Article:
Poorly-designed “in-house” bucket models. From what I’ve seen, most investors—both professionals and individuals—who choose a bucket approach use some type of homemade spreadsheet to model their bucket portfolios. Unfortunately, these spreadsheets may contain critical flaws.
In one egregious example, I saw a financial advisory firm using a “Probability of Success” number on their “pensionitized” bucket models. After repeatedly questioning the inputs on the “Probability of Success,” I was told that these inputs were faux Monte-Carlo Analysis numbers that had simply been pulled from thin air!
In another example, a bucket model did not adjust the rate of return applied to the portfolio to account for the migration to bonds and cash over time. In effect, the model was showing 80-year-old retirees earning the returns of an “80/20” stock-bond portfolio, but they thought they were seeing a plan showing them owning a much more conservative investment mix! Returns were grossly overstated and risk was grossly understated.
“So fix it, dear Henry”
So, is the bucket strategy all bad? Well, not entirely. I like the concept. It helps investors understand the components of their portfolio, think long-term, and, crucially, it helps them stay invested and stick with a reasonable (even if sub-optimal) plan during market crashes. Down markets are all too often times of panic for investors, who then run for the exit, sell their holdings at a loss, and miss the market’s inevitable rebound. This is a destructive pattern, and if a buckets strategy helps prevent that type of self-destructive behavior, that’s a win! I don’t begin with a bucket approach with my clients, but at times, I do find it to be a useful way to explain the purpose of portfolio components.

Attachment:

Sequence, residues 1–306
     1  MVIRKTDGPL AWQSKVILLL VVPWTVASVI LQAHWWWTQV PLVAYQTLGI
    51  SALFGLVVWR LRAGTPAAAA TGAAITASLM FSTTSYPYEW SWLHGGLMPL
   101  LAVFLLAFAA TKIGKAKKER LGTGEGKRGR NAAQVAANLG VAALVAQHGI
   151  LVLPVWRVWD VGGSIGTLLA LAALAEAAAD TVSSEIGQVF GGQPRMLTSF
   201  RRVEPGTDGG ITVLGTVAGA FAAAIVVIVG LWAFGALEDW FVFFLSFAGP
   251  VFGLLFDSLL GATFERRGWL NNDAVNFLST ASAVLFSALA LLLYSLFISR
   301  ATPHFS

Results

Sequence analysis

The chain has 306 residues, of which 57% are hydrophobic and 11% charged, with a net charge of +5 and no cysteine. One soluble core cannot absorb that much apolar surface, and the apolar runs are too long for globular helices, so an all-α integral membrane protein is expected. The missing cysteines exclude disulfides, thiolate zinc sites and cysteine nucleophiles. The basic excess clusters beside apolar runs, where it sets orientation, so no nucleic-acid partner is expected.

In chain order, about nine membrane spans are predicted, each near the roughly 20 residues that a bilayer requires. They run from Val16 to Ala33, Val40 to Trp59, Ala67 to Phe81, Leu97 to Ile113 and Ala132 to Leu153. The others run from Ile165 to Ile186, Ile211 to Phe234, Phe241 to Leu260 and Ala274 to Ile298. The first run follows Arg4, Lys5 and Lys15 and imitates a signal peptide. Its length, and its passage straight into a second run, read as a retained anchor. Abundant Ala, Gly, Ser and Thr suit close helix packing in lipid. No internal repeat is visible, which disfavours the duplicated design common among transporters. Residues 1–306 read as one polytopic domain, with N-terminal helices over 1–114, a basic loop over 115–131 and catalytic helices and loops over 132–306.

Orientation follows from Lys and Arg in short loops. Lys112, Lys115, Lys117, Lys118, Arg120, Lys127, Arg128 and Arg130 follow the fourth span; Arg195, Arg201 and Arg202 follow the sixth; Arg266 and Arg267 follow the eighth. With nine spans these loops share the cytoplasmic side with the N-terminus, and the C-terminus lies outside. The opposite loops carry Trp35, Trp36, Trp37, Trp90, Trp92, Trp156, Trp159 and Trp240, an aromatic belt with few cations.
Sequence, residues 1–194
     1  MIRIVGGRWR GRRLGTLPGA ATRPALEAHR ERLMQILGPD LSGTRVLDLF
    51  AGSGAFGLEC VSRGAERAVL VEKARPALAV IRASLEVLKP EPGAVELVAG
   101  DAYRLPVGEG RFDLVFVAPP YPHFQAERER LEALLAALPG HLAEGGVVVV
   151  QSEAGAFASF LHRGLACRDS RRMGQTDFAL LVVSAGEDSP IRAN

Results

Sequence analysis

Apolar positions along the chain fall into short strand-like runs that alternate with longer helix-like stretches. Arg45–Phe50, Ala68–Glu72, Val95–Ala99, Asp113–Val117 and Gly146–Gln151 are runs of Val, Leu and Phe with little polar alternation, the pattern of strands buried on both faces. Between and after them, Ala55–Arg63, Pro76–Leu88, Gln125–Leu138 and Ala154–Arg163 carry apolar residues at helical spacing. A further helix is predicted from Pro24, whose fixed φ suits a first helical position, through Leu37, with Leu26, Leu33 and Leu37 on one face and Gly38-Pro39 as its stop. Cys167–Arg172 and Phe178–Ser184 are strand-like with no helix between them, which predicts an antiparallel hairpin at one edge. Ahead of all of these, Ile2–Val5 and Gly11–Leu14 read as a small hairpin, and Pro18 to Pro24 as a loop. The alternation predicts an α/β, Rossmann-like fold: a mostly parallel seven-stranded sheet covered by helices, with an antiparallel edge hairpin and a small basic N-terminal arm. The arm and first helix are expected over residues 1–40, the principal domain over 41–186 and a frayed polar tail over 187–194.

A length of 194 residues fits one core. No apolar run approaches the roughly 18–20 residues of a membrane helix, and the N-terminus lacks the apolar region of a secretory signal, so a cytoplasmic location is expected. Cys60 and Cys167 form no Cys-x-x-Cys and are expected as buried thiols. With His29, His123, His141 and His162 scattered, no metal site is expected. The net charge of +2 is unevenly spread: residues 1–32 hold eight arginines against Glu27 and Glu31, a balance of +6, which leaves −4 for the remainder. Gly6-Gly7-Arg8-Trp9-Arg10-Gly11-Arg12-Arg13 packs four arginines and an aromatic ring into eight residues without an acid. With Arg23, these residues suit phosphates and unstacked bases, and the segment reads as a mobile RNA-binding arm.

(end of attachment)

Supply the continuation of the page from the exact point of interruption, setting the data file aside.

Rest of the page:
A Bucket Strategy Alternative
Is there a better approach to portfolio cash flow in retirement than the bucket strategy? I think so.
Run financial planning projections. Test the viability of different portfolio spending levels through retirement, as well as the long-term returns needed to support those spending levels.
Stress test projections. Use the "Monte-Carlo Analysis” and historical “safe withdrawal” test to mimic the impact of market booms and bust through retirement.
Develop an appropriate asset allocation. Know the appetite for risk and the portfolio returns needed, and then structure the investments accordingly.
Use a “Total Return” portfolio approach. This strategy shows the entire picture, where retiree income is derived from a combination of interest income, dividends, and capital gains.
Rebalance the portfolio. A complete rebalancing accounts for withdrawals and market swings, which can include buying stocks that have fallen in value.
Rinse and repeat. Every so often, start at the beginning and run through the process again.
Strategies like “buckets” or “safe withdrawal rates” are frequently presented as a one-time, set it and forget it retirement plan. Having worked with many retirees over long periods of time, I can say this is not a good idea. In real life, well, life happens. Unexpected life events lead to lumpy and irregular spending over longer time periods, and energy, desires, and priorities change over time. It pays to revisit retirement investment strategies with regular planning.
If you have questions about retirement planning, or would like a second opinion, feel free to get in touch with me at (952) 926-1659, or Scott@CahillFA.com.